He didn't suffer fools gladly and always had a few tips to share with those sincerely interested in improving their magic.
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Doug Trouten
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Thanks, Dick. Just ordered "The Magician and the Cardsharp."
It's still magic even if you know how it's done.
Terry Pratchett
Rainboguy
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Dick:

I forgot to mention, in the story above, that Jay Marshall was one of the Magicians seated at the table with The Professor when I introduced myself and he asked me to sit down. As I sat down, Jay extended his hand for a handshake and said "Hi...I'm Jay Marshall". I told Jay that I met him many years ago at Magic, Inc., but since I was a "Nobody" at that time, of course, he did not remember me or know me. After that, whenever I was at Magic, Inc., Jay "Rolled Out The Red Carpet" for me.

Interestingly, Vernon told me that The Midwest Magic Jubilee was his favorite magic Convention.
Jerskin
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I think he was carrying buckets of cement which is heavy and makes more sense than mercury at a construction site,
GrEg oTtO

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JNeal
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I seem to recall that they were buckets of rivets on a construction site.
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Jerskin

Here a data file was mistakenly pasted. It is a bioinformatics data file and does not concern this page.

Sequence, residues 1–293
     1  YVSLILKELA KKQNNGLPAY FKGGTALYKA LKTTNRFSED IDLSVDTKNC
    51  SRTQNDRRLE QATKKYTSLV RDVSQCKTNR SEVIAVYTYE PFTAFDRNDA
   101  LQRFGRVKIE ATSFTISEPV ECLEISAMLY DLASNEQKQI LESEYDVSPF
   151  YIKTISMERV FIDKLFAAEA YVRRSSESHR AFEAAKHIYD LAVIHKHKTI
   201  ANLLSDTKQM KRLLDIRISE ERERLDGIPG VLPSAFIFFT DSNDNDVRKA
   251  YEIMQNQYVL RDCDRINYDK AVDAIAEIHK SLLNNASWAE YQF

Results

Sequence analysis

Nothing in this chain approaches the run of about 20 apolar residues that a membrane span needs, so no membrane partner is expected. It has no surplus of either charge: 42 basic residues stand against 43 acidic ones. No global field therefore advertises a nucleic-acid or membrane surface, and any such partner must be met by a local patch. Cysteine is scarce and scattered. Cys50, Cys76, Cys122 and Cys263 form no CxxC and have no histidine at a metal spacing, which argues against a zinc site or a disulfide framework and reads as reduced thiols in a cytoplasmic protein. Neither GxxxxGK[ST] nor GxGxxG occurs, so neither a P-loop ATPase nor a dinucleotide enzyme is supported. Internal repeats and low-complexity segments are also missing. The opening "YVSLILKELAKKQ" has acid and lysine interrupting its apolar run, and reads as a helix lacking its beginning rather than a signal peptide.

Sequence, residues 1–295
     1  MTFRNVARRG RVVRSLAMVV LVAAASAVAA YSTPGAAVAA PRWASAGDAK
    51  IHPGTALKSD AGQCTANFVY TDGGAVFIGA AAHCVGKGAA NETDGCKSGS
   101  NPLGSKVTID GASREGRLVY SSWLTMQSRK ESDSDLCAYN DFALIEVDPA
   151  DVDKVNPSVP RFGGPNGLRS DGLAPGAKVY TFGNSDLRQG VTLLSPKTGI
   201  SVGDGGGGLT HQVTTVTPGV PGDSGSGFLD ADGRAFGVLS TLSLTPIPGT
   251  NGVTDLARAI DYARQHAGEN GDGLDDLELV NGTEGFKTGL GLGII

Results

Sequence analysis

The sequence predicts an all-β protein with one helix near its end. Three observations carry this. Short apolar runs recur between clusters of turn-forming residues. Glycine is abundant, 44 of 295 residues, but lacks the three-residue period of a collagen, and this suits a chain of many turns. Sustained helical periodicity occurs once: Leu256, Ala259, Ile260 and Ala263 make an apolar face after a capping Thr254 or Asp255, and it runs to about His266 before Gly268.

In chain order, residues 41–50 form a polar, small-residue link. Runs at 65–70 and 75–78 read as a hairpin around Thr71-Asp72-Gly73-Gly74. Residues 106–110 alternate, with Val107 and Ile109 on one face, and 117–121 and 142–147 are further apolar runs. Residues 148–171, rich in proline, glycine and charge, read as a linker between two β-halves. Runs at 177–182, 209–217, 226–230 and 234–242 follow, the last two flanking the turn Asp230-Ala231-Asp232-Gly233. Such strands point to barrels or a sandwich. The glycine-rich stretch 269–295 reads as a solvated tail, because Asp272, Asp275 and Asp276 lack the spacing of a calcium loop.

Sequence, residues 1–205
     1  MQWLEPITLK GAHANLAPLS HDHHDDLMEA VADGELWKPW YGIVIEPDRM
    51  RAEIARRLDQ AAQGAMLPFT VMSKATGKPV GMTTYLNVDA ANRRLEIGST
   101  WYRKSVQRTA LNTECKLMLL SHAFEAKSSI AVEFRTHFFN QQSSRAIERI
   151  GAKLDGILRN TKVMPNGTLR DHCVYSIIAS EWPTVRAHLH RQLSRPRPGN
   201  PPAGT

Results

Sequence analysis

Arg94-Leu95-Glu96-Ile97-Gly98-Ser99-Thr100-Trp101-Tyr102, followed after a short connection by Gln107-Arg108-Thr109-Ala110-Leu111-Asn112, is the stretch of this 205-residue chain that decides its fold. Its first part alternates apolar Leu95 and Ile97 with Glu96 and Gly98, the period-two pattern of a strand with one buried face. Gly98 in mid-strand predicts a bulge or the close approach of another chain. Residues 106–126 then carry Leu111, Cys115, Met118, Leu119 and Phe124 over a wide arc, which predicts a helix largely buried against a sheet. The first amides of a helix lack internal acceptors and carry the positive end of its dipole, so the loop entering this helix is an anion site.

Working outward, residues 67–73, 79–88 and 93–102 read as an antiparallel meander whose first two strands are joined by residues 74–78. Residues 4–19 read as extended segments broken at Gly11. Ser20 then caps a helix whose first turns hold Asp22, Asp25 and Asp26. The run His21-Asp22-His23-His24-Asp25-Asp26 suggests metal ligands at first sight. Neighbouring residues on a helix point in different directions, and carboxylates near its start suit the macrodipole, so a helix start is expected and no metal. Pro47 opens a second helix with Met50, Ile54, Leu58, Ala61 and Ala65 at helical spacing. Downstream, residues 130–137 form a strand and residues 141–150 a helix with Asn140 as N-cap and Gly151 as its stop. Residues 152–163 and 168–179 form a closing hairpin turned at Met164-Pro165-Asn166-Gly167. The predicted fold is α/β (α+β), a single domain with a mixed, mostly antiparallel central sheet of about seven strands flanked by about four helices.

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Possibly, it's in the David Ben biography.
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JNeal
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Well now you've got me nearly convinced I was crazy or wrong. Rivets make more sense than concrete... even on a construction site.
Who carries Concrete in a pail? Not on any major piece of construction....Rivets... maybe?

But I don't have David Ben's book so I re-read the biography Chapter of Ganson's book: "The Dai Vernon Book"
and he writes that it was MERCURY... as I initially thought!

Click here to view attached image.
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Jerskin
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I stand corrected!
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JNeal
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OK, now what other subject should we now tackle?

A week in the Peller?
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Leo H
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It's also a pail of mercury in David Ben's Vernon bio.